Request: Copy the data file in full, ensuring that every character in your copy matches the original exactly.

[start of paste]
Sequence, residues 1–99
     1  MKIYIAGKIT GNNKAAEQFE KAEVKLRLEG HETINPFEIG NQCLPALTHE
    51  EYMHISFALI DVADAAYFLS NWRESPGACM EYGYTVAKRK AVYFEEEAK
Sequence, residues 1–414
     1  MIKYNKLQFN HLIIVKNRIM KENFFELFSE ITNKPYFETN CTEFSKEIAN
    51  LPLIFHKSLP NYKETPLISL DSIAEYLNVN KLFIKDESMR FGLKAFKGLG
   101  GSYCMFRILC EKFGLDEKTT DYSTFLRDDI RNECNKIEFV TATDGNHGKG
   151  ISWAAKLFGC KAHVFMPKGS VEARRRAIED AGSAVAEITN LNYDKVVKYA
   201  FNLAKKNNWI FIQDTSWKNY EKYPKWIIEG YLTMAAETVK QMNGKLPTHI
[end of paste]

Sequence, residues 1–99
     1  MKIYIAGKIT GNNKAAEQFE KAEVKLRLEG HETINPFEIG NQCLPALTHE
    51  EYMHISFALI DVADAAYFLS NWRESPGACM EYGYTVAKRK AVYFEEEAK
Sequence, residues 1–414
     1  MIKYNKLQFN HLIIVKNRIM KENFFELFSE ITNKPYFETN CTEFSKEIAN
    51  LPLIFHKSLP NYKETPLISL DSIAEYLNVN KLFIKDESMR FGLKAFKGLG
   101  GSYCMFRILC EKFGLDEKTT DYSTFLRDDI RNECNKIEFV TATDGNHGKG
   151  ISWAAKLFGC KAHVFMPKGS VEARRRAIED AGSAVAEITN LNYDKVVKYA
   201  FNLAKKNNWI FIQDTSWKNY EKYPKWIIEG YLTMAAETVK QMNGKLPTHI